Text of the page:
Cattle prices will remain high for the first half of the year, according to Rabobank analysts.
Experts at the leading, global agri-bank say the big question for many beef importers will be where to source sufficient supplies. Global beef production will increase only slightly, and is expected to decline sharply in key markets, like the US, where herd rebuilding is the first priority; meanwhile, strong Asian demand is predicted.
“China’s importance and influence on the global beef market is set to continue to increase in 2014,” said Rabobank analyst, Albert Vernooij. “China’s imports of both frozen and chilled beef are expected to grow further, driven by the shortage of beef in the domestic market, reflected in record-high retail prices. We believe that the value of the Chinese markets will grow in excess of 10% annually over the next three years.” Demand will also be boosted by recently announced trade deals, including reopening of closed or impeded markets for beef imports.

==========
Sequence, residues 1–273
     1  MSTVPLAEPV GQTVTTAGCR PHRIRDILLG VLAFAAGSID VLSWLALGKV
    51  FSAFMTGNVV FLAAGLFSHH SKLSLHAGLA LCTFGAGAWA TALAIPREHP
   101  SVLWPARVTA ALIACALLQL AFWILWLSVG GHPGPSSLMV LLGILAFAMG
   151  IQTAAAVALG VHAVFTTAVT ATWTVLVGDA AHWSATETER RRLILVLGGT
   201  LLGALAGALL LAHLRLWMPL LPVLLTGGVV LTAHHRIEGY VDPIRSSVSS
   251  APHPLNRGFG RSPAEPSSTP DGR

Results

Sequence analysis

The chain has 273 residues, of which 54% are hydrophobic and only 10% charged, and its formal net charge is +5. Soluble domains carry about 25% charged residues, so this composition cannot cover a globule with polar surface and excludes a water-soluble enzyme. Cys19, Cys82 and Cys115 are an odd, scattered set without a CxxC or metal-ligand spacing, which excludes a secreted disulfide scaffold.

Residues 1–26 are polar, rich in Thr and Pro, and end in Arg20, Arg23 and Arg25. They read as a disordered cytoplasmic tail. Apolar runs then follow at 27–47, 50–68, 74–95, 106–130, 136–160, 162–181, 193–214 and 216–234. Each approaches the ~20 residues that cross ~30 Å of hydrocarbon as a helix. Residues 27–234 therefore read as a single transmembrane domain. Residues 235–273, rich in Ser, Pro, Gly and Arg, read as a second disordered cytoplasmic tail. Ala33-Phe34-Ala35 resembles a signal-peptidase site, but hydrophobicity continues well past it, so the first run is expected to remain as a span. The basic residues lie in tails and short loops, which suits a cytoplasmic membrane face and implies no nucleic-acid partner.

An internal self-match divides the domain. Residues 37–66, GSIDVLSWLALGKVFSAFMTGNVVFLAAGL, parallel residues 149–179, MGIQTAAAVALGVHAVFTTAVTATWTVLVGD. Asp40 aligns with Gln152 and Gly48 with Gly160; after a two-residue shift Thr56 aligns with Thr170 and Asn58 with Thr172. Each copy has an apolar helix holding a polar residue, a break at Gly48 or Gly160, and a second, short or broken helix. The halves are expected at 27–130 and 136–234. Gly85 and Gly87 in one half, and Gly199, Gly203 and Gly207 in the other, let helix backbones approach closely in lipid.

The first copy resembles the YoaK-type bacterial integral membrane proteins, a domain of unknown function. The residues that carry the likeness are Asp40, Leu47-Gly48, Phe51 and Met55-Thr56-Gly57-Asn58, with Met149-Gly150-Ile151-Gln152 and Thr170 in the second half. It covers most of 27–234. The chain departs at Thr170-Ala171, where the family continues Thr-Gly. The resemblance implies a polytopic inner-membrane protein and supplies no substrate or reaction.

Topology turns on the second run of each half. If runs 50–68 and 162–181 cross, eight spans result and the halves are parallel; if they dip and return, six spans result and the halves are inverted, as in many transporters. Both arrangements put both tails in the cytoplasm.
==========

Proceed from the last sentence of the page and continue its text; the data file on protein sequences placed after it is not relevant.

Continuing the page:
The 2014 forecast follows a strong 2013 market, with the Rabobank Global Cattle Price Index having risen by 6% since June, driven by lower-than-expected beef supply in the main exporting countries and strong Asian demand.
Consumer resistance against high prices in the US and the EU, still two of the main beef markets, are the only negatives in a market that looks favourable for big, net beef exporters, such as Ireland.
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